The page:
Busa welcomes union proposals on Eskom

Busa’s vice president describes the proposal as a ‘constructive approach’.
Cosatu’s plan, which was presented to the government on Monday, would leave Eskom with R200bn of debt, an amount the utility has previously said it could manage. Image: Waldo Swiegers, Bloomberg

South Africa’s main business-lobby group welcomed proposals by the nation’s biggest labour-union federation to rescue debt-stricken power utility Eskom.

The Congress of South African Trade Unions on Monday presented its plan to the so-called President’s Working Council, which includes government, business and labour leaders. The labour federation has suggested that state-owned institutions take over R254 billion of Eskom’s debt.

Read: Cosatu to present R254bn Eskom rescue plan

“We welcome the constructive approach,” Martin Kingston, vice president of Business Unity South Africa, said by phone Monday. He said that the business community is in alignment with Cosatu on many of Eskom’s problems that the labour federation identified.

Cosatu’s plan would leave Eskom, which provides 95% of South Africa’s electricity, with R200 billion of debt, an amount the utility has previously said it could manage. Eskom is failing to cover its running costs and inadequate maintenance is leading to frequent plant breakdowns and rolling power outages. Those are stalling economic growth.

Cosatu garnered support for its proposals from the rival Federation of Unions of South Africa and National Clothing and Textile and Allied Workers Union, along with community groups, said Matthew Parks, Cosatu’s parliamentary co-coordinator. He described Monday’s meeting as “very positive,” with participants agreeing to hold a second meeting under the auspices of the National Economic Development & Labour Council on February 5.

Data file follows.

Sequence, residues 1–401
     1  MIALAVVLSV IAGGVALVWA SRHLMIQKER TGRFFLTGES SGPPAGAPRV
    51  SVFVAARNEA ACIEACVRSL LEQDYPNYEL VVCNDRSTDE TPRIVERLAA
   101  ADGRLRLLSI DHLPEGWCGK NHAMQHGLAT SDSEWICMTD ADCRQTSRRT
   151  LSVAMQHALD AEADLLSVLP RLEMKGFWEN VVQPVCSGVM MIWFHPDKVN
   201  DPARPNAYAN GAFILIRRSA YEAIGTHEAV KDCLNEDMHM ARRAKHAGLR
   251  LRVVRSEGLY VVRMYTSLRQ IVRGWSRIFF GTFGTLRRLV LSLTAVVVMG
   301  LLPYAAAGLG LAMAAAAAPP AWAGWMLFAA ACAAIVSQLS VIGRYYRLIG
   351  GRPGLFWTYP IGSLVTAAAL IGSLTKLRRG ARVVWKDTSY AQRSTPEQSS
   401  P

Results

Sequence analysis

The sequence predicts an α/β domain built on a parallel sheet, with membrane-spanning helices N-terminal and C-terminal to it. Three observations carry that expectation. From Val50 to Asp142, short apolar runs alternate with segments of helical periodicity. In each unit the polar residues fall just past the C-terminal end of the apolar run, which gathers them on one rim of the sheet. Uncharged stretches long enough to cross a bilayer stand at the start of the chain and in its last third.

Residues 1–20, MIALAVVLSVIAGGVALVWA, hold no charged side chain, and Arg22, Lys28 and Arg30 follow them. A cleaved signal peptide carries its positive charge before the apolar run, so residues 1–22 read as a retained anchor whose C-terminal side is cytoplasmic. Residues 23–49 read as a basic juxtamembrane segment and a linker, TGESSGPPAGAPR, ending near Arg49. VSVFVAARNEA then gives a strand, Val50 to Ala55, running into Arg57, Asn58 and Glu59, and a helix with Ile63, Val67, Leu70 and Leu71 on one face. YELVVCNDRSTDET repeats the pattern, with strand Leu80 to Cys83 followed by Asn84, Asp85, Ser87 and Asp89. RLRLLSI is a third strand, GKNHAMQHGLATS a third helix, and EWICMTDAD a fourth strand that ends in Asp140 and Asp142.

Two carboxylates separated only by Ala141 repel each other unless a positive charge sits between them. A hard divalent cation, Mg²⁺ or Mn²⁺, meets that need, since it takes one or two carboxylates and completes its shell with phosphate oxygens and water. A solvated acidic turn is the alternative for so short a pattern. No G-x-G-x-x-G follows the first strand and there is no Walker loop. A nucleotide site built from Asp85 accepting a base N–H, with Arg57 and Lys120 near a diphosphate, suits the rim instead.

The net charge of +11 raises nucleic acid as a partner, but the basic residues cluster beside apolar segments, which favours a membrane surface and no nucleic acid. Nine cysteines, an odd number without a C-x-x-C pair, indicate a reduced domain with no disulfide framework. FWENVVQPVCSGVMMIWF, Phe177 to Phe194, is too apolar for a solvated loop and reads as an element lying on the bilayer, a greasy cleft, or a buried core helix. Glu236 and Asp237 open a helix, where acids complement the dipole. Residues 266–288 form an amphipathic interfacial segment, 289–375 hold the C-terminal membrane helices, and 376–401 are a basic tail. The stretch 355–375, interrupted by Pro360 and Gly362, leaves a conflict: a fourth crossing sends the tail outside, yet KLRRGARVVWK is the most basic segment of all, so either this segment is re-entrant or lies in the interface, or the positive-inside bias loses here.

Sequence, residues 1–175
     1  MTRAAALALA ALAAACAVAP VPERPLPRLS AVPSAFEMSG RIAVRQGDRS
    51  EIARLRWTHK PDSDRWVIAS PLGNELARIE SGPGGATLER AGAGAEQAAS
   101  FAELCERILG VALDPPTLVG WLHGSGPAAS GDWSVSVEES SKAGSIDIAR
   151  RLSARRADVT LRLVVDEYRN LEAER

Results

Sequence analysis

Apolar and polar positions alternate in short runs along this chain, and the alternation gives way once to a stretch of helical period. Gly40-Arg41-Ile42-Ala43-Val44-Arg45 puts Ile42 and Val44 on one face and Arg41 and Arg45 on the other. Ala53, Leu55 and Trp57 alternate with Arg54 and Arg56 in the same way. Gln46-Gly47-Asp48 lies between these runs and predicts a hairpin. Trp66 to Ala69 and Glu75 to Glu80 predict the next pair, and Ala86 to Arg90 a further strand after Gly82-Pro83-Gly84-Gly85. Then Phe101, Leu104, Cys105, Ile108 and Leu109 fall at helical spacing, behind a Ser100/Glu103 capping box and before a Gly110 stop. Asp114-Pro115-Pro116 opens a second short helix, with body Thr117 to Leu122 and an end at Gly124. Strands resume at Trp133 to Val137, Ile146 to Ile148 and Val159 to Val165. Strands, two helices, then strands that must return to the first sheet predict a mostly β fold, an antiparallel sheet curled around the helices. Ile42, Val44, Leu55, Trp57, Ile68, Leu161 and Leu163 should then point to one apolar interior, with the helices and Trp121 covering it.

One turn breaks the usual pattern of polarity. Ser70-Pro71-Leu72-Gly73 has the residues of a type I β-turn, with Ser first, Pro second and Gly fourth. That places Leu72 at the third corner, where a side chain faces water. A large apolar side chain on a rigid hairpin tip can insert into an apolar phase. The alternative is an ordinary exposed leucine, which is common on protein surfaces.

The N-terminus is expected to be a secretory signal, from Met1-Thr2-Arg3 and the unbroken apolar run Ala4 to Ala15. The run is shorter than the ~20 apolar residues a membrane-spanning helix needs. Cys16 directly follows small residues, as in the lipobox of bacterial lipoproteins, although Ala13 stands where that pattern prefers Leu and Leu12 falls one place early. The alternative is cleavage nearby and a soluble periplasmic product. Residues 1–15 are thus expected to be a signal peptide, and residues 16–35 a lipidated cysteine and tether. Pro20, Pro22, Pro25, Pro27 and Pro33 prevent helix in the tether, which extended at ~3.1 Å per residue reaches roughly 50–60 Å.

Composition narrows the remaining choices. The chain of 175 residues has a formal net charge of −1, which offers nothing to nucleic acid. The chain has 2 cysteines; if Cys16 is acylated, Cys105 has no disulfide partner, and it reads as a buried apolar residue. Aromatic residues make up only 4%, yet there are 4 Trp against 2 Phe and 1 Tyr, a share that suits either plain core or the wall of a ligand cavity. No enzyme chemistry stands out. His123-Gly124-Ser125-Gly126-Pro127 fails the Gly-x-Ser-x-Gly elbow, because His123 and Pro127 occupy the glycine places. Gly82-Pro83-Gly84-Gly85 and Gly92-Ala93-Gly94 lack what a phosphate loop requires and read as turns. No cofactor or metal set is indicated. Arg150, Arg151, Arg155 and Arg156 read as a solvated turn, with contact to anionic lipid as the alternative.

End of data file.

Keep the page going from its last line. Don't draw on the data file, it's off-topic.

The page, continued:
“Everyone recognised the extent of the crisis we are in and agreed it’s time for action,” Parks said by mobile-phone text message. There is “lots of hard work ahead, but this could be a major turning point.”

Participants at Monday’s meeting agreed that Eskom must reduce its debt, though proposals on how the loans are serviced must be feasible, Kingston said. With banks and other financiers becoming increasingly reluctant to fund the utility, there is a willingness to consider development-finance institutions and other bodies like the state pension fund manager, the Public Investment Corp., as sources of finance, he said.

“The pool of capital is shrinking rapidly,” Kingston, who is executive chairman of Rothschild & Co.’s South African unit, said. Any lending should not breach the mandates or affect the fiduciaries of the organizations involved, he added.

“Within those constraints, we are more than happy, very happy and keen to work with Cosatu and other social partners” to resolve Eskom’s debt problems, Kingston said.

© 2020 Bloomberg L.P.

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Have anyone asked the pension fund members about this? A vote among the members even?

The beauty of it is this – those who supported the ANC are now going to foot the bill. They will pay for their mistakes. What goes around comes around….and all that stuff. Devine justice some might say. The pity is that we are all paying for the mistakes that are made by ANC supporters.

Of course they’ll like it, because it’s stupid.

Cosatu being too clever! Most Government pension funds are defined benefit so this is no risk at all to their retirees. When Eskom looses their money the tax payer will just top up the pensions! Once again taxpayers to the rescue! If private pension funds are tapped which are mainly defined contribution the risk will sit with the retirees.

You are correct interms of guaranteed pension, however only if there is sufficient tax payers left, after this idiotic proposed implementation.

Yeah its easy to make such a stupid proposal when you know Tax payers will be on the hook when it all fails as it surely would.
How does Cosatu propose to pay the interest on the debt once its taken it over? If someone takes over the debt the interest on those bonds must still be paid

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